Toronto is one of the world's most ethnically diverse cities and is continuously praised for its multicultural image. It is estimated that by 2031, visible minorities will in fact become the majority. However, many families maintain ties with their home country and may be defined as "transnational families", meaning that they have social bonds, and even homes, in both countries. It is not uncommon for some immigrant parents to be separated from their children. For some families, the separation from their child can be based on the desire to keep children in traditional education of the home country. Other parents may be forced to leave their child or to send them back to their country of origin due to the financial pressures of being immigrants as they pursue a better life in Canada. Some parents are not able to support their child and cover basic rent and living costs in their adopted country, and are forced to separate. This study used a community-based participatory action approach to examine and address the problem of family separation in three Toronto immigrant communities where families often live apart.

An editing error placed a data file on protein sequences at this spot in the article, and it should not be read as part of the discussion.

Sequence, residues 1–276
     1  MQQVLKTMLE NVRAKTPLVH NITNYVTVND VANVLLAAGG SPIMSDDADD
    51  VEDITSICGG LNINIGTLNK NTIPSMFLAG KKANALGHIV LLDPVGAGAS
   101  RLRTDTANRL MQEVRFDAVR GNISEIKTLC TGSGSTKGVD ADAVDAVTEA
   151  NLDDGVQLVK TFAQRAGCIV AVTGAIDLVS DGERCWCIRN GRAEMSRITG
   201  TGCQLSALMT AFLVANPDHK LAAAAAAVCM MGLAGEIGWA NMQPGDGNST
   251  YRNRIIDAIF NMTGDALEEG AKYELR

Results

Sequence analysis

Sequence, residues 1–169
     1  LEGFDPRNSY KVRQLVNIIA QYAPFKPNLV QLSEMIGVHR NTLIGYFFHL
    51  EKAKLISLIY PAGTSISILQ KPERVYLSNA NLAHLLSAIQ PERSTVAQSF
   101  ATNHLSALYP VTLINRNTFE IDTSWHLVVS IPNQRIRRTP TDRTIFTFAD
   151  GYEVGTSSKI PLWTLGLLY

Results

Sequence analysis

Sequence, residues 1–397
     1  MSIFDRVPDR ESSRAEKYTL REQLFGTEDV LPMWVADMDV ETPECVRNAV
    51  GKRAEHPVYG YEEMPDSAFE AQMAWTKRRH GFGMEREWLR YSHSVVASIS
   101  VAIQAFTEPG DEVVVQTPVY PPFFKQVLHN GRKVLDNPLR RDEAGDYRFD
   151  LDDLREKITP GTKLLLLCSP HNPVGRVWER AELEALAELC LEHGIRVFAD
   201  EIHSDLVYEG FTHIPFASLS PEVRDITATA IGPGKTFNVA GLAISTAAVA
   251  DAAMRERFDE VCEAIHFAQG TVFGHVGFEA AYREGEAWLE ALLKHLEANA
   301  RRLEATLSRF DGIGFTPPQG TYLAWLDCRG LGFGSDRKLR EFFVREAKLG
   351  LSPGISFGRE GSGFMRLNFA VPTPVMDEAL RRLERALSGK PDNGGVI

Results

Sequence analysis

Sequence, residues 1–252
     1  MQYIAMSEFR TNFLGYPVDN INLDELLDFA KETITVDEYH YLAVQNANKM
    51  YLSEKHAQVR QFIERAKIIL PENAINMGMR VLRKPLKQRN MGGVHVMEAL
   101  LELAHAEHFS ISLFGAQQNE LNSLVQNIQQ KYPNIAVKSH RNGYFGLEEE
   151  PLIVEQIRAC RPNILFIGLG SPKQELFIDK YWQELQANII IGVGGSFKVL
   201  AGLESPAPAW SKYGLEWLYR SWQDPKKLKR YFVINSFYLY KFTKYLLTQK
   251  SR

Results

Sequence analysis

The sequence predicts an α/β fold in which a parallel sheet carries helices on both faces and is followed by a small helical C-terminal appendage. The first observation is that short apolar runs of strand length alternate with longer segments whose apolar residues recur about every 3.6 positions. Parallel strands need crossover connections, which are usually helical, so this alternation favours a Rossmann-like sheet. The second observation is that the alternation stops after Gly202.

How can you use this research?
While this was an exploratory study that needs to go further, these early findings argue for the need of increased resources in Toronto to support families that have separated from their children during or after migration. Policy recommendations are necessarily linked to immigration processes and practices. The results also support the demand for more efficient and transparent licensing and certification processes so that immigrants with children might be integrated more quickly into an appropriate sector of the Canadian labour market. The need for more affordable child care facilities and parent educational opportunities should also be considered as an important policy goal.